Programmer Information Needs After Memory Failure
Reviewed by Leif Singer / 2012-07-04
Keywords: Refactoring, Tools, Usability
Despite its vast capacity and associative powers, the human brain does not deal well with interruptions. Particularly in situations where information density is high, such as during a programming task, recovering from an interruption requires extensive time and effort. Although modern program development environments have begun to recognize this problem, none of these tools take into account the brain's structure and limitations. In this paper, we present a conceptual framework for understanding human memory organization and its strengths and weaknesses, particularly with respect to dealing with work interruptions. The framework explains empirical results obtained from experiments in which programmers were interrupted. The intent is to use the framework to design development tools capable of compensating for human memory limitations. We also delineate programmer information needs such tools must satisfy and suggest several memory aids such tools could provide.
Parnin and Rugaber discuss several cognitive challenges that
probably every developer has faced at some point: tracking many
code locations at once while doing a big refactoring, or trying to
remind ourselves to continue work on a certain problem when an
external event has occurred. For these challenges, they give
examples for coping strategies that, again, probably every
programmer has used one time or the other. We send reminder
e-mails to ourselves, add
// TODO comments that we
forget about later, or deliberately create compiler errors as an
anchor into our current task.
The authors analyze and classify these challenges and coping strategies using existing research from neuroscience. The result is a theoretical framework that is mostly interesting to researchers and a few practitioners who wish to create better developer tools. Wearing my researcher hat, I cannot help but to instantly try thinking of neat ways to leverage this framework as a designing aid for developer support mechanisms.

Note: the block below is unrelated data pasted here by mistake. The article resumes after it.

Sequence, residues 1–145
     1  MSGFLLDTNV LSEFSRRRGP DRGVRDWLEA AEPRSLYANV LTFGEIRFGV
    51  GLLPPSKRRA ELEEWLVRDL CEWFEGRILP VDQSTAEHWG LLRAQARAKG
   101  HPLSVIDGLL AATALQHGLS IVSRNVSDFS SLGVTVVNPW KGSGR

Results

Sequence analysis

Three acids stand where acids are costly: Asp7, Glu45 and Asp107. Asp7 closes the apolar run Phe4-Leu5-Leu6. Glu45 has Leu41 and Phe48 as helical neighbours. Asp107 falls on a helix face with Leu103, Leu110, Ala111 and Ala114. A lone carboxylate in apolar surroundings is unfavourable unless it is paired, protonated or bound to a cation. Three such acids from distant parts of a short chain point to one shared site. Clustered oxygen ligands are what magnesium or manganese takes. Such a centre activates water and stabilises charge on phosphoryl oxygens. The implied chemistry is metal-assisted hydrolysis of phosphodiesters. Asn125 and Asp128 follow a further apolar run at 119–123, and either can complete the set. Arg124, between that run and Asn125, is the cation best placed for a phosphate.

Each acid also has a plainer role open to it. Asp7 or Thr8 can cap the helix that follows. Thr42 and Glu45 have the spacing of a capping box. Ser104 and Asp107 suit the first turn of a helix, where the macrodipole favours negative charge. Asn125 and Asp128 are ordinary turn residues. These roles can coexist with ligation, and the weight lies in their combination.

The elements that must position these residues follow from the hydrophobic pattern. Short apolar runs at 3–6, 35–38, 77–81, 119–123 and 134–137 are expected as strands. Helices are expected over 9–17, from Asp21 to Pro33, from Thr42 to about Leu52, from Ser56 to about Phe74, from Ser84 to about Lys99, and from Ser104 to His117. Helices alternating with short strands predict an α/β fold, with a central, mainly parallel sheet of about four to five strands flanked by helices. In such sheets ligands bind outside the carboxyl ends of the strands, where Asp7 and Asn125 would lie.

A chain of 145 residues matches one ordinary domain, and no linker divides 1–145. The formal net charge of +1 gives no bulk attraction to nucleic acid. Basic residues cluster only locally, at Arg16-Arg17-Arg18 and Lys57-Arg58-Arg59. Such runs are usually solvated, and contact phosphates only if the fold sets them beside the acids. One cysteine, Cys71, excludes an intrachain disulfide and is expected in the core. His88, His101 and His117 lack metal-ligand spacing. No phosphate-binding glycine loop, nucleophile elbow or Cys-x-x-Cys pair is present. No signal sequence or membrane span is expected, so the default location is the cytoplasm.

However, when I put on my developer hat, I realize that it's even
more than that. Parnin's and Rugaber's framework helps me reflect
upon my own programming habits and provides some explanations for
their existence. For example, why is it that so
TODOs remain in code for so long, never to
DONE? They are passive reminders that are never
Even without the tool support that Parnin and Rugaber are
creating, their paper provides an interesting look at ourselves as
developers, our habits, our weaknesses, and our coping
strategies. In doing so, it raises our awareness for these issues
and inspires us to slight modifications of our work practices that
are better tailored to our human brains. The next time I write
TODO, I'll make sure to create an automatic
reminder as well.